A three-year effort to improve the quality of early-childhood
programs throughout Detroit by training teachers, supervisors, and
agency administrators has proved to be an effective model, according to
a recent self-evaluation by the High/Scope Educational Research
And it's a plan that has benefited and should continue to benefit close to 8,500 children in the metropolitan area each year, the evaluation by the Ypsilanti, Mich., organization concludes.
Supported by the Detroit-based McGregor Fund, a private foundation, the project's goal was to improve the professional skills of those who work directly with children, certify trainers who could provide ongoing support to teachers, and certify teachers at "centers of excellence," which could serve as model programs.
To accomplish those goals, the training initiative provided courses for teachers on High/Scope's "active learning" curriculum for children. Those courses were combined with a certification program for trainers, who are "vital in providing frontline staff with the necessary grounding in child development and effective curriculum practices," the report says.
A number of lessons were learned over the three-year period, which lasted from the beginning of 2000 to the end of last year. For example, researchers found that participants could benefit from training no matter what their educational levels, which ranged from high school diplomas to master's degrees.
When preschool teachers, as well as caregivers for infants and toddlers, receive training, they become more excited about their work and eager to implement what they have learned, the report says.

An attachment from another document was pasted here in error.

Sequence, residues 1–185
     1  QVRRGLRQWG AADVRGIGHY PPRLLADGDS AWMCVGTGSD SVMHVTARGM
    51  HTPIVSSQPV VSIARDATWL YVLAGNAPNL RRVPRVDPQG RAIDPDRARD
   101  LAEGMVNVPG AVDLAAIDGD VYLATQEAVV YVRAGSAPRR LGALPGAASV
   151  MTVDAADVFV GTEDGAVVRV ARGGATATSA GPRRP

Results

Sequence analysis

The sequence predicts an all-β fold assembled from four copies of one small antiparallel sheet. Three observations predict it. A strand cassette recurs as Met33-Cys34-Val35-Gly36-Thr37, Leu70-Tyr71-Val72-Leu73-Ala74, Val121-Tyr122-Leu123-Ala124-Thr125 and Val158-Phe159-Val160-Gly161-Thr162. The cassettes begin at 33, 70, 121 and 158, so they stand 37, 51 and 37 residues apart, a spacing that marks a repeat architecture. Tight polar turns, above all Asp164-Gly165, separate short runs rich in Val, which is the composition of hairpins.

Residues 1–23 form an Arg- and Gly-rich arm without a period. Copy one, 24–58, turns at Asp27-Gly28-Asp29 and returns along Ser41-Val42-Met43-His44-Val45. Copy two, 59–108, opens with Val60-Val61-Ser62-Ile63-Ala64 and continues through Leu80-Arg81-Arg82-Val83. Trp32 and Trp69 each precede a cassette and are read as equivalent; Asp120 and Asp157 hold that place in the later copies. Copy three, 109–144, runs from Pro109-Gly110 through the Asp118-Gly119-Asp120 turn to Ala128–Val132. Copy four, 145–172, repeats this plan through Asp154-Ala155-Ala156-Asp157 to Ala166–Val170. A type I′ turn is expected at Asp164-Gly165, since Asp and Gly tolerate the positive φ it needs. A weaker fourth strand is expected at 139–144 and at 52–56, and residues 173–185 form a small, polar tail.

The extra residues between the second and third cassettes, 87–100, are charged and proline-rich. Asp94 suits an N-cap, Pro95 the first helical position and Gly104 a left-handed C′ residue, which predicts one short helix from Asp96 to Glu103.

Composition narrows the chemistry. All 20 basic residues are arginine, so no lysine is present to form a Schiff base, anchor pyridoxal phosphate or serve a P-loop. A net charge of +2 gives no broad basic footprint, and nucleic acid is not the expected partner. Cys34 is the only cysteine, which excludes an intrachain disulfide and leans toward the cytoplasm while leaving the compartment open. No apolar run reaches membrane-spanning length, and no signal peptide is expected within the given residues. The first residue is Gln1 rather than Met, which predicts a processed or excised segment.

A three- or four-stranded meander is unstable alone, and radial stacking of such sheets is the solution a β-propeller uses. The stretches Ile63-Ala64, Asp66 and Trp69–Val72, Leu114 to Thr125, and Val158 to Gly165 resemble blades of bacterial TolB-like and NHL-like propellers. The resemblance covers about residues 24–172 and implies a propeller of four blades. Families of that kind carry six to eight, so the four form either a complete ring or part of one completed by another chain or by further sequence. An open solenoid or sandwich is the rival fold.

Another unexpected result was that the teachers welcomed the chance to mentor other teachers in their programs.
The authors of the evaluation also conclude that the work should not end.
"For the project's impact to be sustained, systemwide training must remain a dynamic and ongoing activity within the early-childhood community," the researchers write. Otherwise, they add, "stagnation and turnover threaten to reverse hard-won gains."
The High/Scope Educational Research Foundation is a research, training, and advocacy organization for early-childhood education. It it best known for its longitudinal study of the effects of preschool education on children who attended the Perry Preschool in Ypsilanti in the 1960s.
More information on the evaluation of the McGregor-financed training project is available online at www.highscope.org.
—Linda Jacobson email@example.com
Vol. 22, Issue 31, Page 6